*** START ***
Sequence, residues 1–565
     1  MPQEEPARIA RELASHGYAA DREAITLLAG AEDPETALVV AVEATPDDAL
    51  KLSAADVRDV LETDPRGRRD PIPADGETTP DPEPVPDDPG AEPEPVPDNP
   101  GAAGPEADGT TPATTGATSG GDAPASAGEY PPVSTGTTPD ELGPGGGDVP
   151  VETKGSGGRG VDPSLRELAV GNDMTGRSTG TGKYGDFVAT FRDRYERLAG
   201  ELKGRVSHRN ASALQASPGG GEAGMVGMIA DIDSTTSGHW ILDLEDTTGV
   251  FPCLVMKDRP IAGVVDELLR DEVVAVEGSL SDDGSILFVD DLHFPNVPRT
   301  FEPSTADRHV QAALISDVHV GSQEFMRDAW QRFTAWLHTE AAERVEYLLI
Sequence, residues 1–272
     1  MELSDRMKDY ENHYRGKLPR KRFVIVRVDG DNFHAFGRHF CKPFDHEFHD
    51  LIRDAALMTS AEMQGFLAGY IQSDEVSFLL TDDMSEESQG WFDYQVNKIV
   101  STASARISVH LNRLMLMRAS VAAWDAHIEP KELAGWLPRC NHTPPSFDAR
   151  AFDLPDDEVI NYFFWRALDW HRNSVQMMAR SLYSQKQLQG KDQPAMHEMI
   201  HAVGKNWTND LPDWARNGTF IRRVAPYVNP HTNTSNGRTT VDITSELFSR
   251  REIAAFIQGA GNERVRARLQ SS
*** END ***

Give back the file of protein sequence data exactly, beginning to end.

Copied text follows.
Sequence, residues 1–565
     1  MPQEEPARIA RELASHGYAA DREAITLLAG AEDPETALVV AVEATPDDAL
    51  KLSAADVRDV LETDPRGRRD PIPADGETTP DPEPVPDDPG AEPEPVPDNP
   101  GAAGPEADGT TPATTGATSG GDAPASAGEY PPVSTGTTPD ELGPGGGDVP
   151  VETKGSGGRG VDPSLRELAV GNDMTGRSTG TGKYGDFVAT FRDRYERLAG
   201  ELKGRVSHRN ASALQASPGG GEAGMVGMIA DIDSTTSGHW ILDLEDTTGV
   251  FPCLVMKDRP IAGVVDELLR DEVVAVEGSL SDDGSILFVD DLHFPNVPRT
   301  FEPSTADRHV QAALISDVHV GSQEFMRDAW QRFTAWLHTE AAERVEYLLI
Sequence, residues 1–272
     1  MELSDRMKDY ENHYRGKLPR KRFVIVRVDG DNFHAFGRHF CKPFDHEFHD
    51  LIRDAALMTS AEMQGFLAGY IQSDEVSFLL TDDMSEESQG WFDYQVNKIV
   101  STASARISVH LNRLMLMRAS VAAWDAHIEP KELAGWLPRC NHTPPSFDAR
   151  AFDLPDDEVI NYFFWRALDW HRNSVQMMAR SLYSQKQLQG KDQPAMHEMI
   201  HAVGKNWTND LPDWARNGTF IRRVAPYVNP HTNTSNGRTT VDITSELFSR
   251  REIAAFIQGA GNERVRARLQ SS